#Ohio SHRM gave me the opportunity to meet the man behind the myth behind the legend that is William Tincup. Tincup is something of a marketing legend. I’ve seen what he has done for his own brand within the HR and Recruiting space, as well as other projects, and the impact he has had in helping to raise downloads for HR radio show #DriveThroughHR to 100,000 downloads a month, since teaming up with show founder Bryan Wempen. This is some achievement in the competitive world of Blog Talk Radio, and in a tight niche like HR, even more impressive.
Tincup is a bit different, in a good way. I used to get his marketing e-mails from his days as a founder of marketing firm Starr-Tincup. They always made me think, and challenged my views on how to make these types of campaigns effective. He is now working on projects with HR technology companies developing and delivering post-sales support, with the aim of enabling them to retain the customers they fight so hard to win. Tincup always wears a hat, thinks a bit differently and shoots from the hip. (sound familiar?). I liked him a lot.
I was fortunate to catch his presentation on implementing HR technology, in which he was giving the HR professionals sound advice in how to buy, implement and negotiate with HR technology providers. The key take-aways from his session were:
1: Be very clear on what you want the technology to do before you start looking.
2: Include users in the buying process from the first stages. They know what they need best, and will help make the best decision, as well as ensuring a few champions when it comes to implementation.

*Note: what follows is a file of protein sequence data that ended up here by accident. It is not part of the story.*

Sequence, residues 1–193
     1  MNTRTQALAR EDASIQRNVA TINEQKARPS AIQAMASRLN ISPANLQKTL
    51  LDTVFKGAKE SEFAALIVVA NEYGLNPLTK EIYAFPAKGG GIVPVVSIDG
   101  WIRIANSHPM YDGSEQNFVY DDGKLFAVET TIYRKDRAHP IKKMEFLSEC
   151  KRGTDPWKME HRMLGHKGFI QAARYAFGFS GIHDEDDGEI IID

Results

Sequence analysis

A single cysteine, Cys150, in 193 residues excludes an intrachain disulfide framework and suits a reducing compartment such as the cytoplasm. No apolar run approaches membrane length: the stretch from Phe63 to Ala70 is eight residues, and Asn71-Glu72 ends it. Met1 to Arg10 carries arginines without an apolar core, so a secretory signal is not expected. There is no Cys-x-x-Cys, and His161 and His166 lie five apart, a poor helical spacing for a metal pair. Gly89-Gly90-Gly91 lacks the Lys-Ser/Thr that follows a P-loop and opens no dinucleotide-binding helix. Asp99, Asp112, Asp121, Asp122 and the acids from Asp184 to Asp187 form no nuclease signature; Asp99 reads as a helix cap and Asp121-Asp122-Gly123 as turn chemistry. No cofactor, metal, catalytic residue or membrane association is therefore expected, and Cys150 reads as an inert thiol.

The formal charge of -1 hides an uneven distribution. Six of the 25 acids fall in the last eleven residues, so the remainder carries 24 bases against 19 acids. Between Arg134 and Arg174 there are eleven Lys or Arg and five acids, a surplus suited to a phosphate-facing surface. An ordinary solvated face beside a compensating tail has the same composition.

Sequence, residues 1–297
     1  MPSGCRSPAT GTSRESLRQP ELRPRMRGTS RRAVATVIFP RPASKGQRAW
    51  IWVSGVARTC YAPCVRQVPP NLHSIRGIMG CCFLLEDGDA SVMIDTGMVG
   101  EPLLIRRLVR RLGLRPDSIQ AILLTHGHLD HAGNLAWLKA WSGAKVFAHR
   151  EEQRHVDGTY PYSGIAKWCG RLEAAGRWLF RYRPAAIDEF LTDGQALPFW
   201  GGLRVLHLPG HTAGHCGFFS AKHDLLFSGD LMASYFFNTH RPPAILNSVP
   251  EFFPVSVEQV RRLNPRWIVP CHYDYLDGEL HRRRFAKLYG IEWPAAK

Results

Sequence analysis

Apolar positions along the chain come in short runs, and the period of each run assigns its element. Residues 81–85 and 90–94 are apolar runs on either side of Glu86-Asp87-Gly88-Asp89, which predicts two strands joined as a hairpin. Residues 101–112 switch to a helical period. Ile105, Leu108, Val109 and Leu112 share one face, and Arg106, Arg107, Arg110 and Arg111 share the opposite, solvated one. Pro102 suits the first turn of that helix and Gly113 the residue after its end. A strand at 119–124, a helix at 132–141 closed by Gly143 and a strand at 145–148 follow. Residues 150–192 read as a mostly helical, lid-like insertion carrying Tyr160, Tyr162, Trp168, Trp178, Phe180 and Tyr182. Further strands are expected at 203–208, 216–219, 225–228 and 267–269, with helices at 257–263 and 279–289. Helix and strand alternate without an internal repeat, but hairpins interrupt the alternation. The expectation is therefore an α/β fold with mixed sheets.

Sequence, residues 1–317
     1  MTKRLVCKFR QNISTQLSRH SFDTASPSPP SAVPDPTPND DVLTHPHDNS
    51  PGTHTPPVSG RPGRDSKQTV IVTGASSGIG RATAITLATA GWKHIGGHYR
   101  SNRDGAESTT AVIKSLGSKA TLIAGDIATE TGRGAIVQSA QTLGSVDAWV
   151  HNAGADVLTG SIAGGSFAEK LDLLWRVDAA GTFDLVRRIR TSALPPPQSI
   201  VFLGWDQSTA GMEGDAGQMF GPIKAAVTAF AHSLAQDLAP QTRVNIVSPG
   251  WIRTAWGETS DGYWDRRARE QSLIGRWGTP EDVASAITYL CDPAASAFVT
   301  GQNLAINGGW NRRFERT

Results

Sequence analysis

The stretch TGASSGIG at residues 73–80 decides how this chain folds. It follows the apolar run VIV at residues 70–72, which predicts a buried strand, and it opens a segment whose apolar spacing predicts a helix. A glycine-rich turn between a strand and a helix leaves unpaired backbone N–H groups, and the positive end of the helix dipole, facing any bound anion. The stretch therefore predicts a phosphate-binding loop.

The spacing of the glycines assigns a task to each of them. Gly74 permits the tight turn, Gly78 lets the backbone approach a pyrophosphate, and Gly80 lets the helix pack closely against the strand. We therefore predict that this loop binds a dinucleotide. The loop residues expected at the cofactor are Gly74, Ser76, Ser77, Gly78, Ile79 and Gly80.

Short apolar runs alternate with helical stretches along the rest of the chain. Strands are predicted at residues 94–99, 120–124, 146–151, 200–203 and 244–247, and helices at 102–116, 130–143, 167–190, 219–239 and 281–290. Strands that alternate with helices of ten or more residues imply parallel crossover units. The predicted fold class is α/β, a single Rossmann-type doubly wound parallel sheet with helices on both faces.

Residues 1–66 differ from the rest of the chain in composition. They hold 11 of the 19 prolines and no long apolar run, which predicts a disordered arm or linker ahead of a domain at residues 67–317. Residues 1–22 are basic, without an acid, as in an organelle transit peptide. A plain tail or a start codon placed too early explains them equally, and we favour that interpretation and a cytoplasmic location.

3: Negotiate on-going free training in to the original deal, and go back to your existing suppliers to demand this.On going training ensures the best use of the technology.
4: Ask for the implementation team to be involved in the negotiations before you agree anything. Sales tend to say yes, while the implementation team tends to say no. Getting all parties around the table from the beginning will resolve this.
5: Seek recommendations and research via social-media, rather than taking up those from the supplier. Engage with actual users, in order to get a clear picture of the reality of the product you could be buying.No supplier is going to recommend you talk someone other than a real product champion.
6: Before you replace, make sure you are not just under utilising your existing tech.
7: Make sure that any agreement you reach will always get you the latest release. Don’t become an out of date user after a few months.
8: As a buyer, you have the most power to get the best deal for you. You need to think of this as a long term deal rather than the best deal now.Plan for the life of your product, and include this in your negotiation.
I think this is good advice, not just in terms of HR Tech, but all tech.
Thanks William for sharing,